Edward Thomas was born in London, England in 1878. He attended Lincoln College at Oxford. He met his wife and had a baby by the time he graduated Oxford. He suffered from chronic depression, but he did not let that stop him from thoroughly enjoying his work. He was known to review up to fifteen books per week. Between 1897 and 1917, he published thirty books and edited sixteen anthologies. He loved poetry, and was one of the first to salute the brilliancy of Robert Frost and Ezra Pound. He began writing poems in the autumn of 1914 as a way to deal with the anxiety he felt over whether or not to enlist. Robert Frost offered to help him find work in the United States, but Thomas declined. He ended up enlisting in July of 1915, and was later killed by a shell blast at the Western Front on Easter Monday 1917.
His poetry shows an acute awareness of the natural world. He portrayed the natural world as intensely beautiful and rich, but he was aware that it was all just temporary. His poetry is the perfect combination of beauty and reality. At the time he was writing his poetry WWI had already begun, and he was struggling with the decision to stay home or go and die for his country. He was certain that death was in his future if he chose to enlist, which is where all the hardness in his poems comes into play.
Adlestrop describes an express train ride that Thomas took on June 23, 1914 from Oxford to Worchester. An unexpected stop at the Adlestrop train station allows Thomas to observe a stretch of the countryside that he had previously never paid much attention to.
Yes, I remember Adlestrop-
The name, because one afternoon
Of heat the express-train drew up there
Unwontedly. It was late June.
The steam hissed. Someone cleared his throat.
No one left and no one came
On the bare platform. What I saw
Was Adlestrop-only the name
The speaker appears to have been on a routine trip when the train made an unexpected stop at the Adlestrop train station. Adlestrop is not a very big town, in fact, according to the 2001 census; the population was a mere 153. This township’s only other claim to fame (besides Thomas’ poem) is that Jane Austen and her mother used to visit Jane’s uncle, who was the vicar at the Old Rectory in Adlestrop.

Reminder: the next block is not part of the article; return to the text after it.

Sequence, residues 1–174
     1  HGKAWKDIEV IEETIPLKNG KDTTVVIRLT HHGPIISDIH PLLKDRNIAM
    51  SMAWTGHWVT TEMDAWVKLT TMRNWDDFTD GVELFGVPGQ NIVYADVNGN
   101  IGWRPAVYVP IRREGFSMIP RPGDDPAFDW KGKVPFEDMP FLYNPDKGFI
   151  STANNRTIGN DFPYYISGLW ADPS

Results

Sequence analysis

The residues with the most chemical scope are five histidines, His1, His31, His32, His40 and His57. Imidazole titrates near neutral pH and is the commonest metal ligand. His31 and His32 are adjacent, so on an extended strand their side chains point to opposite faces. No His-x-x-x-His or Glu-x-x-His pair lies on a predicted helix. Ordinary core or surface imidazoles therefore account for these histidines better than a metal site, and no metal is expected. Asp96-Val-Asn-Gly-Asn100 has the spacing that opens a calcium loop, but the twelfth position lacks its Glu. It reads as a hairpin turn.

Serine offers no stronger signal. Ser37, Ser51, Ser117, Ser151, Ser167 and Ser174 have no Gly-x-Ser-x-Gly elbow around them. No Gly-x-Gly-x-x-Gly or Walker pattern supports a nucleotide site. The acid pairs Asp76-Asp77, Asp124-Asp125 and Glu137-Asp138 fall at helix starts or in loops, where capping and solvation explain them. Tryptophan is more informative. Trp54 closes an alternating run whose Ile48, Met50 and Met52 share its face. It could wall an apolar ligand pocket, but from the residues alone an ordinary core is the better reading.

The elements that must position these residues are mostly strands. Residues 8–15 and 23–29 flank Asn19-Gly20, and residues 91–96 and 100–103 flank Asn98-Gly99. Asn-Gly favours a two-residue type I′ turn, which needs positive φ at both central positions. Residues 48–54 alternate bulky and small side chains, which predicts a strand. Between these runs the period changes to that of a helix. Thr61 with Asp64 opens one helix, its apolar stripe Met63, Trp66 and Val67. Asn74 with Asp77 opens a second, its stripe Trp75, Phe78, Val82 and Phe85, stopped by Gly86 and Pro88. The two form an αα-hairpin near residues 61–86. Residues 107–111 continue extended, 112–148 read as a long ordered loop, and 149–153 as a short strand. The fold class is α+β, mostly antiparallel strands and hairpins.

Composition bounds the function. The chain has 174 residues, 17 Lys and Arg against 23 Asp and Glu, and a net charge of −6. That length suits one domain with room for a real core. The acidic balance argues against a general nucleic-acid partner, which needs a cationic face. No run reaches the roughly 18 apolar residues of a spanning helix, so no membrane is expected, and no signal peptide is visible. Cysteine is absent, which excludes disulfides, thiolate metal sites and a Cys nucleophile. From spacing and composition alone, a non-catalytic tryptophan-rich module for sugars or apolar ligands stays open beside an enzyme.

And willows, willow-herb*, and grass,
And meadowsweet, and haycocks** dry,
No whit less still and lonely fair
Than the high cloudlets in the sky.
The only thing to look at while at the train depot is the surrounding countryside. He captures the beauty of the natural world; there is something so innocent about the way he describes it. It almost seems like he is in a day-dreaming; it’s very picturesque, almost like a postcard. It is one of those rare places that had not been disturbed or destroyed by war.
And for that minute a blackbird sang
Close by, and round him, mistier,
Farther and farther, all the birds
Of Oxfordshire and Gloucestershire.
The birds’ singing only adds to this countryside’s charm. The blackbird has long been revered as both a sacred and destructive bird. Even though it is black, it is not typically thought of as a symbol for bad luck; however, they are known for their vigilance and they will give a warning cry to alert others of possible danger. I believe that Thomas used the blackbird in this poem as a warning of the danger that will come from enlisting. During this time, Thomas was struggling with the decision of whether or not to enlist, and he had a strong feeling that enlisting would lead to his end.
I’m sure that Thomas had many moments like the one described in this poem, leading up to his enlistment; he could get lost in the beauty around him, but there was always that stark reminder of what was to come.
*Willow-herbs are a flowering plant that grows wild in England.
**Haycocks are small cone-shaped piles of hay that are left in the field until they are dry enough to carry into the barn.
Thomas, Edward. “Adlestrop.” The Norton Anthology of English Literature: The Twentieth Century and After. 8th Edition. Ed. Stephen Greenblatt. New York: Norton, 2006. 1956-7.
Census of 2001 for Adlestrop:
“Adlestrop.” Wikipedia, The Free Encyclopedia. Wikipedia, The Free Encyclopedia, 4 Jul. 2010. Web. 6 Jul. 2010.